GCC Secretary-General Abdul Rahman Al-Attiyah said the meeting discussed how to overcome obstacles to its planned single currency launch and alternatives should the 2010 deadline be missed.

Proposals include postponing the deadline or launching the scheme in 2010 for those states that are ready and allowing others to join later.

The single currency plan has met technical, legislative and fiscal hurdles. Homud Al-Zidjali, Oman's central bank governor, announced in May that the sultanate would not join the scheme. "Our decision is not to participate in the Gulf monetary union ... because we do not want to restrict our monetary and fiscal policies at present," Zidjali said.

The International Monetary Fund (IMF) said Gulf monetary policy needed to be consistent with dollar pegs, after the six states broke ranks on their response to a US interest rate cut last month, raising speculation about currency revaluations.

"I think the relationship with the dollar is one alternative," IMF Managing Director Rodrigo Rato told reporters after meeting the GCC finance ministers and central bank governors. "That alternative requires following a monetary policy that is coherent with that alternative," he said.

Rato commended the role of Saudi Arabia and other GCC countries in stabilizing the world oil market by increasing production to meet growing demand.

* * *

Syrian Pound 'Stabilizing'
After Dropping Dollar Peg

From Bloomberg News Service
via Khaleej Times, Dubai, UAE
Sunday, October 28, 2007

DUBAI -- Syrian central bank Governor Adib Mayaleh said the local currency is "stabilising" since the eastern Mediterranean state became the second Arab country to end its peg with the dollar.

"This is stabilising the currency the most in more than 20 months, despite major political pressures that we suffer from," Mayaleh said on Friday in a telephone interview from Damascus.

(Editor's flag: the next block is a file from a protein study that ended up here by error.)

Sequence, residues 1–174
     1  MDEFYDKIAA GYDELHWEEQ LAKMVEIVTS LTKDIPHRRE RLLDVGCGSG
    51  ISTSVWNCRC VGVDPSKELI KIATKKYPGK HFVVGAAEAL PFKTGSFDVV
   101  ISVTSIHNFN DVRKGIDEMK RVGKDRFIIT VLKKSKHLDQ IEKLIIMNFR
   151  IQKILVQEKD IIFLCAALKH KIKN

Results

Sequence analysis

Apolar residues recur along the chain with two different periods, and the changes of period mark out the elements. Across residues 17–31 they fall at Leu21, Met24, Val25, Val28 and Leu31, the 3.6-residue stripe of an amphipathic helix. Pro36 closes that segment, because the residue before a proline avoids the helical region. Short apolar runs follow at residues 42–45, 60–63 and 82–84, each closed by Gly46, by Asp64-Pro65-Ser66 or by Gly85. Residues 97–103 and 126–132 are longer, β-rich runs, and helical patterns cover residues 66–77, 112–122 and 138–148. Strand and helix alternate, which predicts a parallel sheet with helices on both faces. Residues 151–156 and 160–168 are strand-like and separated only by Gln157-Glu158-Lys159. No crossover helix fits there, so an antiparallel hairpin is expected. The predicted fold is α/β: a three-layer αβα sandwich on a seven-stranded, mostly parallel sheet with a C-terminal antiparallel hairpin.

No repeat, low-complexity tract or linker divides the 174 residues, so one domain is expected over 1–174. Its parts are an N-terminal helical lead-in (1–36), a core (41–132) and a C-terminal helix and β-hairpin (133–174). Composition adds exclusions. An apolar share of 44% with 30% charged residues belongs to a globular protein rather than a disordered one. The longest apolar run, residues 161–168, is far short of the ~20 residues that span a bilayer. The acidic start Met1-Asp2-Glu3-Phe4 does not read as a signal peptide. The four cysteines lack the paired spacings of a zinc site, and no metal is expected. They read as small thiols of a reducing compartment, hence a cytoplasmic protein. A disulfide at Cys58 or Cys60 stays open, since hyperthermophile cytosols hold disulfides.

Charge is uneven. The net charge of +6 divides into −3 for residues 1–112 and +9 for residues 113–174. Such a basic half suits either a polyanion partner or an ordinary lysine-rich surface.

"As soon as we announced the de-peg, we started to see an improvement in the exchange rate."

Mayaleh said on June 4 Syria would follow Kuwait and end the Syrian pound's link to the dollar and peg it to a broader range of currencies to curb rising import costs and inflation. The currency was dragged lower against the euro by a 10 percent slide in the dollar last year. Kuwait switched to a currency basket in May.

"It certainly reduced the pressure on the currency," said Jon Harrison, an emerging-market currency strategist at Dresdner Kleinwort in London. "There is a lot of pressure on currencies to de-peg and we have seen Kuwait and Syria do it, so that adds to the pressure on the others."

The Syrian pound has strengthened 2.1 percent against the dollar since June and has weakened to 69.56 per euro yesterday from 66.17 on Jan. 6, according to central bank rates.

Record levels of inflation in Saudi Arabia, the United Arab Emirates, Qatar, and Oman have increased speculation that the countries will have to change their dollar pegs. The central bank governors of Saudi Arabia, the UAE, Qatar, Oman, and Bahrain have stated that they have no plans to revalue.

* * *

Join GATA here:

Vancouver Resource Investment Conference
Sunday-Monday, January 20-21,2008
Vancouver, British Columbia, Canada

* * *

Help Keep GATA Going

GATA is a civil rights and educational organization based in the United States and tax-exempt under the U.S. Internal Revenue Code. Its e-mail dispatches are free, and you can subscribe at

GATA is grateful for financial contributions, which are federally tax-deductible in the United States.